Just hours after the House of Representatives passed the Coronavirus Aid, Relief, & Economic Security Act, President Donald Trump signed the roughly $2 trillion legislation into law. The American Hotel & Lodging Association and AAHOA both praised the legislation but pointed out issues with the its loan program.
President/CEO Cecil Staton issued a statement for AAHOA: “America’s hotel owners applaud President Trump and Congress for the swift passage of the CARES Act. This historic relief package provides immediate liquidity for small business owns and their employees as they struggle with the crippling economic effects of the COVID-19 pandemic. Next, we must simultaneously navigate the regulatory and administrative hurdles that may crop up during the implementation of this law while continuing our conversations with lawmakers and administration officials about additional steps the government must take to ensure hotel owners can maintain access to capital throughout the duration of this crisis.”
Following the House's vote, AH&LA President/CEO Chip Rogers offered a statement for his association. “The hotel industry applauds Congress and the administration for their tireless work in response to this unprecedented public health crisis. We appreciate Speaker [Nancy] Pelosi and Minority Leader [Kevin] McCarthy for their leadership. By passing the CARES Act, Congress has taken a critical first step to provide immediate support for American workers and the industries that drive our economy.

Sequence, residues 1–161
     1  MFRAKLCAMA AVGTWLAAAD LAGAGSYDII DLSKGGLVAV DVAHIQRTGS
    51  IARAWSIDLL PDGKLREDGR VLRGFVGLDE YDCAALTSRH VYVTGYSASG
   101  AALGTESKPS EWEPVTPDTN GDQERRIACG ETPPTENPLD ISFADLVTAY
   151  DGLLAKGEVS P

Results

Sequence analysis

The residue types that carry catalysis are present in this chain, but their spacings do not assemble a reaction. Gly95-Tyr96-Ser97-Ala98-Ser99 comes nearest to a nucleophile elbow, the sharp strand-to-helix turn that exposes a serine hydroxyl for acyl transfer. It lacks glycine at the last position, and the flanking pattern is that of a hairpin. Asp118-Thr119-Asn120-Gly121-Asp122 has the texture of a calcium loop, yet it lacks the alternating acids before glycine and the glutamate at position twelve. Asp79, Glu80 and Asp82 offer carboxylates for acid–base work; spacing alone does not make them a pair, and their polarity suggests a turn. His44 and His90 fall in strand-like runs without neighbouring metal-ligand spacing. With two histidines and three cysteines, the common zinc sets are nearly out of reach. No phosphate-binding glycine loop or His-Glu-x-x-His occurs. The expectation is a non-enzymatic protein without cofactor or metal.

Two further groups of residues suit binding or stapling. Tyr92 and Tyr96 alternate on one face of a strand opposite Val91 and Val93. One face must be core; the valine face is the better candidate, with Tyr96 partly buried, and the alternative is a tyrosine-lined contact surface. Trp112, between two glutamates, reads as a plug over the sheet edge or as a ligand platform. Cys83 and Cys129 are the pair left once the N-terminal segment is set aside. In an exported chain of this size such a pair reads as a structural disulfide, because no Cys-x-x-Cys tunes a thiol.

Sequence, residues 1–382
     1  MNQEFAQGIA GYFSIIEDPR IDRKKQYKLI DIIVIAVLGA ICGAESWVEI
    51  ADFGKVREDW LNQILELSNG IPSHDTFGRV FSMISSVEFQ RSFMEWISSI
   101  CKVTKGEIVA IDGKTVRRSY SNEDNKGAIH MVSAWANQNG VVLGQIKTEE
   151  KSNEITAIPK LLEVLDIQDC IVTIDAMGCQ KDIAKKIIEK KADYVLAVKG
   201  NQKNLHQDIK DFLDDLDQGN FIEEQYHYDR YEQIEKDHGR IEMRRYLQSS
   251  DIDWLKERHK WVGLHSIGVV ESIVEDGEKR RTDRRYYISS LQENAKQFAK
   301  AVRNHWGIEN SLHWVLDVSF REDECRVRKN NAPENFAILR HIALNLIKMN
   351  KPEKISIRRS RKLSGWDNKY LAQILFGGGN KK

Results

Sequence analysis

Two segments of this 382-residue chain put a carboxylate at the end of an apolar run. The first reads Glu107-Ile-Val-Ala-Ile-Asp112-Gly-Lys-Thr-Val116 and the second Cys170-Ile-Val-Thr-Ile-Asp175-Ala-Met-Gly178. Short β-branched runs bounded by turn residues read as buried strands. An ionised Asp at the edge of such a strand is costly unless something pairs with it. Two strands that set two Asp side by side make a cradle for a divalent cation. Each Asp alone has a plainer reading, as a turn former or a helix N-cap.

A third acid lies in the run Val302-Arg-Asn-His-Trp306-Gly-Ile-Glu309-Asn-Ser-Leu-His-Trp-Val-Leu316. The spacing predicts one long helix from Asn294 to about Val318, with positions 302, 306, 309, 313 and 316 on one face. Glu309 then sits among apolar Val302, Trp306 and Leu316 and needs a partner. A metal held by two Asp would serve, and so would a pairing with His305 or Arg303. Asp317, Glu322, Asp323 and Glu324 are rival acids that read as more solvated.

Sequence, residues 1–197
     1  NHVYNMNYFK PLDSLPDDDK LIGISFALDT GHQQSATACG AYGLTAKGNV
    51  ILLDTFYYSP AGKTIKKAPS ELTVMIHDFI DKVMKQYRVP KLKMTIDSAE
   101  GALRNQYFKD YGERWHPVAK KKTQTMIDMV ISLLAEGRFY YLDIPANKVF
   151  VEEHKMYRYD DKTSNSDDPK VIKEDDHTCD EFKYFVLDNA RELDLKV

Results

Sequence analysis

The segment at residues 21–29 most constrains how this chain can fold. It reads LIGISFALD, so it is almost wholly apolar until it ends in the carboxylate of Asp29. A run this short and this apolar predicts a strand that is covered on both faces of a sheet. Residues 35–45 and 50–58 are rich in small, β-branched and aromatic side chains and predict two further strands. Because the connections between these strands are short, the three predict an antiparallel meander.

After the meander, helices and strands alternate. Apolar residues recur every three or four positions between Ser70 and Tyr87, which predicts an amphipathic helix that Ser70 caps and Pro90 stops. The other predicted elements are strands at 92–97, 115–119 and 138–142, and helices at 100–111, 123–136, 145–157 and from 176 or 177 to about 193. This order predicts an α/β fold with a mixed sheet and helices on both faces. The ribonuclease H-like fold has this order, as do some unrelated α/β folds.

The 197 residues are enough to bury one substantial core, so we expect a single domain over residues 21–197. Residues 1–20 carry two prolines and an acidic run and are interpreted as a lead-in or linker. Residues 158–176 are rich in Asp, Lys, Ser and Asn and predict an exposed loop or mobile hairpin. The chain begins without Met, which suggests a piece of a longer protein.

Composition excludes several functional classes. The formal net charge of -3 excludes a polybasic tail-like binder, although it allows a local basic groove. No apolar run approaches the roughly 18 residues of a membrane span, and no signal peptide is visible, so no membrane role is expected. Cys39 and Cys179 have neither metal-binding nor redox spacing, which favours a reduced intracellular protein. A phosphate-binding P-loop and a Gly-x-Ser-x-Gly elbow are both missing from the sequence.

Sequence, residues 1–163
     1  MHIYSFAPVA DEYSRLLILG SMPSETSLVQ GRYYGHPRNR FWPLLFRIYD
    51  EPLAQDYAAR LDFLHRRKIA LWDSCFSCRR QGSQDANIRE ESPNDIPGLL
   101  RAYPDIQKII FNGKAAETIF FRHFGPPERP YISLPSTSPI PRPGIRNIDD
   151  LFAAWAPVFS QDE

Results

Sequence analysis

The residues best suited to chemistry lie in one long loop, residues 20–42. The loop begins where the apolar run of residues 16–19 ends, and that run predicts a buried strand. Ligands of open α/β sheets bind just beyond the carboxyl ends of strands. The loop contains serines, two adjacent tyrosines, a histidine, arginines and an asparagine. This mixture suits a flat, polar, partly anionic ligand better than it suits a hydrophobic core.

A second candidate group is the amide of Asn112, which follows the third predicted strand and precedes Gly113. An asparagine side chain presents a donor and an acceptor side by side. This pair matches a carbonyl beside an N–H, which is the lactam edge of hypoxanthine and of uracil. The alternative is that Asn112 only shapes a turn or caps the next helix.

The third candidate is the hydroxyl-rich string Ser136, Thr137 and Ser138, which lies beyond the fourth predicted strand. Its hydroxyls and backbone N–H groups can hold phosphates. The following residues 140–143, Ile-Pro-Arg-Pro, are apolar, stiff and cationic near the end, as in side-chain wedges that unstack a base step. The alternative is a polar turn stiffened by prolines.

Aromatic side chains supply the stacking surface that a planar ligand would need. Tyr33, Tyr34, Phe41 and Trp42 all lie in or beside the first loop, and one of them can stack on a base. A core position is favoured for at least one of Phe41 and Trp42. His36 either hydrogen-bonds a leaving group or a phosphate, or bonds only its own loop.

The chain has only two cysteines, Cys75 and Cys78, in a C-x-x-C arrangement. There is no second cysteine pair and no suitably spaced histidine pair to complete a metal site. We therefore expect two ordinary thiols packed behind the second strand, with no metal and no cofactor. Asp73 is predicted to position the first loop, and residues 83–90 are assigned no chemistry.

“We continue to support the underlying foundation of the CARES Act, which seeks to help millions of workers and thousands of small businesses, and we are grateful it has moved forward so quickly.
“As we have previously noted, we are disappointed that Congress was unable to increase the limits on Small Business Administration loans so that they would be more workable for our industry during this unprecedented halt in travel. Under the current limits, hoteliers will only be able to meet their payroll and debt service obligations for an estimated four to eight weeks. While we all look forward to the day when it is safe to resume traveling, the reality is that most hotels today are facing single-digit occupancy, and that is unlikely to change in such a short time period. With no revenue coming in, hoteliers can’t make their debt payments, which will result in the business going under and employees losing their jobs permanently.
“As Congress weighs additional stimulus programs in the coming weeks, we urge them to swiftly address this shortcoming in the CARES Act. We will continue to work in a bipartisan manner on a fourth wave of COVID-related legislation and future economic stimulus packages to help affected workers and industries. COVID-19 has been devastating for our industry, but we stand ready to do whatever we can to make it through this crisis.”